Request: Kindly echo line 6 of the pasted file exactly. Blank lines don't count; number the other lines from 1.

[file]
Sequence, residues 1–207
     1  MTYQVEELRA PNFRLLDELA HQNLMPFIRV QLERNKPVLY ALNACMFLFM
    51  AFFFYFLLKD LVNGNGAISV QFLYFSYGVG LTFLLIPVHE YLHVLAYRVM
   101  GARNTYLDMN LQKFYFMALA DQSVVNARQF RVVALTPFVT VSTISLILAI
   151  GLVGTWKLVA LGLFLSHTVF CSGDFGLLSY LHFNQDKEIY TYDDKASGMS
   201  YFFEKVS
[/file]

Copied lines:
   201  YFFEKVS